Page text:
practices, while attractive to some, are not a _means_ for gaining knowledge. The traditional scholars of Sufism hold it as absolutely axiomatic that knowledge of God
God
is not a psychological state generated through breath control. Thus, practice of "techniques" is not the cause, but instead the _occasion_ for such knowledge to be obtained (if at all), given proper prerequisites and proper guidance by a master of the way. Furthermore, the emphasis on practices may obscure a far more important fact: The seeker is, in a sense, to become a broken person, stripped of all habits through the practice of (in the words of Imam Al-Ghazali ) solitude, silence, sleeplessness, and hunger.

Magic may have also been a part of some Sufi
Sufi
practices, notably in India. The practice of magic intensified during the declining years of Sufism in India
India
when the Sufi
Sufi
orders grew steadily in wealth and in political influence while their spirituality gradually declined and they concentrated on saint veneration, miracle working, magic and superstition.

DHIKR

Main article: Dhikr The name of Allah
Allah
as written on the disciple's heart, according to the Sarwari Qadri Order

Dhikr is the remembrance of Allah
Allah
commanded in the Qur\'an for all Muslims
Muslims
through a specific devotional act, such as the repetition of divine names, supplications and aphorisms from hadith literature and the Qur'an. More generally, dhikr takes a wide range and various layers of meaning. This includes dhikr as any activity in which the Muslim maintains awareness of Allah. To engage in dhikr is to practice consciousness of the Divine Presence and love , or "to seek a state of godwariness". The Qur'an refers to Muhammad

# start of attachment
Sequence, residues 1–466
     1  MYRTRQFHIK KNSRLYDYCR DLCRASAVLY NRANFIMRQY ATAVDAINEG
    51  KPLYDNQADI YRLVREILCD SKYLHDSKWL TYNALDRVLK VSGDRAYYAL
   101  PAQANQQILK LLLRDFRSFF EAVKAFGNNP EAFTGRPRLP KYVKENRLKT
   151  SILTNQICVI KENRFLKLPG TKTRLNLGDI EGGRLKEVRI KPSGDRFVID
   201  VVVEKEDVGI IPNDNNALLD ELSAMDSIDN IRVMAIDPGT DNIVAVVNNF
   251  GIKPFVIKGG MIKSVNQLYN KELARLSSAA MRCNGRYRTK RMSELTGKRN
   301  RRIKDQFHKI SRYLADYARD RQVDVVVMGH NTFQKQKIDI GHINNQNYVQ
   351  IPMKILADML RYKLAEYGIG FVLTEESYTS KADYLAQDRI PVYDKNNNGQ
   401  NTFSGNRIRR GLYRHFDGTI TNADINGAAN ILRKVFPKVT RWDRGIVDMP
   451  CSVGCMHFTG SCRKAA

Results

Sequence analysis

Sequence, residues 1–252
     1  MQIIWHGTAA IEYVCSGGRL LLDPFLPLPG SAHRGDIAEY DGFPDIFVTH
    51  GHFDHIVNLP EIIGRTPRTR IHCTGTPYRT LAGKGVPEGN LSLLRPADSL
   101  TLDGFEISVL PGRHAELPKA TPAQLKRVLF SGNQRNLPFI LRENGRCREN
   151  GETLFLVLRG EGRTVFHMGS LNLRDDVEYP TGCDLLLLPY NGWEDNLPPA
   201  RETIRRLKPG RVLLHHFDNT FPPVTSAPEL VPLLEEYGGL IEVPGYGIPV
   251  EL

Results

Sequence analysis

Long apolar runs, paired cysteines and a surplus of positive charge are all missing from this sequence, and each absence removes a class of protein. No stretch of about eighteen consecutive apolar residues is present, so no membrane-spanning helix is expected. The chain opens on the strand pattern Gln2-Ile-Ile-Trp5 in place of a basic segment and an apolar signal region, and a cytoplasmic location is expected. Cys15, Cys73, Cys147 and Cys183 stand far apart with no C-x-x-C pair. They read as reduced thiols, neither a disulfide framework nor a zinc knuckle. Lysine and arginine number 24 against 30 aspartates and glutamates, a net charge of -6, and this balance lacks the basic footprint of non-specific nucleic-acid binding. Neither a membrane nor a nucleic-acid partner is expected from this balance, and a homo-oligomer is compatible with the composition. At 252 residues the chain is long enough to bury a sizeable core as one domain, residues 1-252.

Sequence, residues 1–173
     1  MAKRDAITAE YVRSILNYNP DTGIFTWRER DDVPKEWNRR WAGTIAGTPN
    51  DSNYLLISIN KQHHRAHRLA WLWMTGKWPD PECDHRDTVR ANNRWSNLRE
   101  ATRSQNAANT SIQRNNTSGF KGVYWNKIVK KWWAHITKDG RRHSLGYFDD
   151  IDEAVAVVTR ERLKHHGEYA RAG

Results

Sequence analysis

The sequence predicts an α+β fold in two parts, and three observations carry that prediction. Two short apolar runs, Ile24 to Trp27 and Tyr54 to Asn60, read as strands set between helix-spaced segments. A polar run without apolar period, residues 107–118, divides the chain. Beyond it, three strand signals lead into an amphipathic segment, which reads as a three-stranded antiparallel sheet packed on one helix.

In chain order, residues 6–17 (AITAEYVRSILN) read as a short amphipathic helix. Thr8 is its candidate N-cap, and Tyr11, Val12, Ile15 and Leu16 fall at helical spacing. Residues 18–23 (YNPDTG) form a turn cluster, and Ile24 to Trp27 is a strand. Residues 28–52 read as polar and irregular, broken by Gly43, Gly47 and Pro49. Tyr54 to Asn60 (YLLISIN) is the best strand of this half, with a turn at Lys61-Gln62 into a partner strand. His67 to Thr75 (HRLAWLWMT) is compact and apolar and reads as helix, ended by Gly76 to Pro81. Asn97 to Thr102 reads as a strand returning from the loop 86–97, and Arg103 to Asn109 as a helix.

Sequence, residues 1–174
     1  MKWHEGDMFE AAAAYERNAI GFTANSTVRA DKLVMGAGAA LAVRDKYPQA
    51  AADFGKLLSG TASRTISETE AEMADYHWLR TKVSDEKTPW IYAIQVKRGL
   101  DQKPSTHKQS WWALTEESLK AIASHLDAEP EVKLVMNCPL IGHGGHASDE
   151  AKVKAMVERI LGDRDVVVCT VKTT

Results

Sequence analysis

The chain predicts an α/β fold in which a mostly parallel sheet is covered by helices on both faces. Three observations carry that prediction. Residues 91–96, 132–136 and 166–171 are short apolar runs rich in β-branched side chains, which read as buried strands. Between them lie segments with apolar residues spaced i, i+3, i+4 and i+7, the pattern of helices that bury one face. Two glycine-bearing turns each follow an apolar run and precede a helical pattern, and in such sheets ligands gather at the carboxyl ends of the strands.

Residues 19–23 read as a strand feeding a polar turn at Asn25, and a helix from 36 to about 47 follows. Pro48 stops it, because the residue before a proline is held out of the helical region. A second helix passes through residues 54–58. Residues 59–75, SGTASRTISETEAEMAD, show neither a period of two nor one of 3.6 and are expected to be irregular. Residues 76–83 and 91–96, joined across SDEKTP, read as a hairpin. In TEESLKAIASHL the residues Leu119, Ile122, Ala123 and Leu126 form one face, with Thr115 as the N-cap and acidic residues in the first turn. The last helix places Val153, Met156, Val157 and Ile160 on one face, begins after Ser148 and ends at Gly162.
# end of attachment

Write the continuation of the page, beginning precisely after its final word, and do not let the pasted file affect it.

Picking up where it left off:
Muhammad
as the very embodiment of dhikr of Allah
Allah
(65:10–11). Some types of dhikr are prescribed for all Muslims
Muslims
and do not require Sufi
Sufi
initiation or the prescription of a Sufi
Sufi
master because they are deemed to be good for every seeker under every circumstance.

The Dhikr may slightly vary among each order. Some Sufi
Sufi
orders engage in ritualized dhikr ceremonies, or sema . Sema includes various forms of worship such as: recitation , singing (the most well known being the Qawwali music of the Indian subcontinent), instrumental music , dance (most famously the Sufi whirling of the Mevlevi order ), incense , meditation , ecstasy , and trance .

Some Sufi
Sufi
orders stress and place extensive reliance upon Dhikr. This practice of Dhikr is called Dhikr-e-Qulb (invocation of Allah
Allah
within the heartbeats). The basic idea in this practice is to visualize the Allah
Allah
as having been written on the disciple's heart.

MURAQABA

Main article: Muraqaba

The practice of _muraqaba_ can be likened to the practices of meditation attested in many faith communities. The word _muraqaba_ is derived from the same root (_r-q-b_) occurring as one of the 99 Names of God
God
in the Qur\'an , al-Raqîb, meaning "the Vigilant" and attested in verse 4:1 of the Qur\'an . Through _muraqaba_, a person watches over or takes care of the spiritual heart, acquires knowledge about it, and becomes attuned to the Divine Presence, which is ever vigilant.

While variation exists, one description of the practice within a Naqshbandi
Naqshbandi
lineage reads as follows:

He is to collect all of his bodily senses in concentration, and to cut himself off from all preoccupation and notions that inflict themselves upon the heart. And thus he is to turn his full consciousness towards God
God
Most High while saying three times: "_Ilahî anta maqsûdî wa-ridâka matlûbî_—my God, you are my Goal and Your good pleasure is what I seek". Then he brings to his heart the Name of the Essence—Allâh—and as it courses through his heart he remains attentive to its meaning, which is "Essence without likeness". The seeker remains aware that He is Present, Watchful, Encompassing of all, thereby exemplifying the meaning of his saying (may God
God
bless him and grant him peace): " Worship
Worship
God
God
as though you see Him, for if you do not see Him, He sees you". And likewise the prophetic tradition: "The most favored level of faith is to know that God
God
is witness over you, wherever you may be".

SUFI WHIRLING

Main article: Sufi whirling Whirling Dervishes , at Rumi
Rumi
Fest 2007